The CPR saved my people’s life.
OK, maybe that sounds a bit dramatic. (And actually, it’s a bit strange to say it that way—I don’t really ever talk about “my people” quite like that. But for this story, it’s important that I do.)
Anyway, the story is: A century ago, as World War I was grinding on and the Russian revolution flared up, “my people” (Mennonites of Dutch descent who spoke German and had lived as colonists in Russian-conquered Tatar, Bashkir, Nogai, and Ukrainian territories for about a century and a half) experienced incredible hardship.
Mennonites in North America heard about it, and responded generously with relief supplies. But many of the Mennonites from Russia wanted more than aid; they wanted to emigrate. They investigated US, Canada, and Mexico as possible destinations; only Canada chose to open its doors.
But as a plundered and war-ravaged people, the costs of emigration were prohibitive. In 1922, a group of leaders formed the “Canadian Mennonite Board of Colonization” (yes, unashamedly colonial!) and signed a deal with the CPR to transport 3,000 refugees on credit. The émigrés began arriving in 1923, and by 1930 the CPR had brought more than 21 thousand refugees to Canada, at a loaned cost of over 1.7 million dollars.
There are stories of those left behind, like my father-in-law, who escaped the USSR during World War II, or others who left for Germany in the 1970s, or who like my father’s half-sister outlived the USSR and could be visited by Westerners in the 1990s. These stories reaffirmed the reasons to be thankful for the CPR’s way of escape. In the minds of many, the CPR was a divine tool along the lines of biblical Cyrus, God’s anointed who brought release to Israel in exile.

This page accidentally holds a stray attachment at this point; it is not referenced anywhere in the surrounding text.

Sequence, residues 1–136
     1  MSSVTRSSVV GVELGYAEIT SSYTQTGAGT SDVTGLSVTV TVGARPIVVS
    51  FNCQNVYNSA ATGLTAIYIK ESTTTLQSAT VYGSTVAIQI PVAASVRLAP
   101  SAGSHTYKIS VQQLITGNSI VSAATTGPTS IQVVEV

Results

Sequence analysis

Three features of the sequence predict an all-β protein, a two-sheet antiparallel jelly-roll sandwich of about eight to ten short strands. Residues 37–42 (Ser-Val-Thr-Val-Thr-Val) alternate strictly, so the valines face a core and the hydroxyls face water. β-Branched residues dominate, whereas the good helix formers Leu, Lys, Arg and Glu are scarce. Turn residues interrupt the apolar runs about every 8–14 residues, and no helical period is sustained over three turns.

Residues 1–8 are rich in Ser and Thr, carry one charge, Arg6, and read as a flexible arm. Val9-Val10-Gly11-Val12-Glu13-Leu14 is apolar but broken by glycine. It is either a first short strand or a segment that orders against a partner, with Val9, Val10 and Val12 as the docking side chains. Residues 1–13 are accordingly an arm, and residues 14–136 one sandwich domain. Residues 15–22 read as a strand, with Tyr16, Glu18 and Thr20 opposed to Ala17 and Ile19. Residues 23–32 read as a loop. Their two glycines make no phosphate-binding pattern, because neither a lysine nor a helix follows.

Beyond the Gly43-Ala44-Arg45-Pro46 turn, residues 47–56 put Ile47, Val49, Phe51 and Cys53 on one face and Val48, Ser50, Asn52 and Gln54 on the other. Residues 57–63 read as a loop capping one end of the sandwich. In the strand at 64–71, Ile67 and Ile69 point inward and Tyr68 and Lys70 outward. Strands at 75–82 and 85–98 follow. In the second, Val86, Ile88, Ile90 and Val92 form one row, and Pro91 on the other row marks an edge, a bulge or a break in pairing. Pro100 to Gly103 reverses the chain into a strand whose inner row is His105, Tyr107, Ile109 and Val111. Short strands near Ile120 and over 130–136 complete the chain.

The CPR destroyed my neighbours’ lives.
Again, maybe overly dramatic—but in the bigger picture, I don’t think so.
Railway was the Next Big Thing in the mid 1800s. And as the railways came westward first across the American Midwest, and then, in copy-cat style a generation later north of the 49th. They led to the catastrophic demise of the American bison, the mainstay of the prairie Indigenous nations’ economies. Indirectly, by slicing up the seasonal paths of the grazing herds; and more directly, by importing hunters by the thousands, and transporting out bison skins by the hundreds of thousands (one firm in St Louis traded a quarter million hides in 1871).
We know the economic pain of crude oil dropping from $100 to $40 a barrel; can we imagine the devastation and cultural upheaval of the total collapse of the bison economy? Herds numbering in the tens of millions at the time of colonial contact were reduced to a few isolated remnants totalling about a thousand animals by 1889. The resulting mass starvation on the prairies was a very useful colonial tool to encourage bands to sign the treaties.
The CPR saved my family’s life.
My own family is bound up very much in the CPR immigration story. As the poor refugees arrived in Canada full of hope (including my mom’s family in 1925 and my dad’s in late 1928), the Great Depression struck. The $1.7M debt looked like an impossible burden. And my grandfather was the chief debt collector for the Canadian Mennonite Board of Colonization. He criss-crossed the country (on the railway, of course), visiting every little Mennonite church, farm, and house, collecting dollar by dollar, sometimes only penny by penny, the prohibitive debt.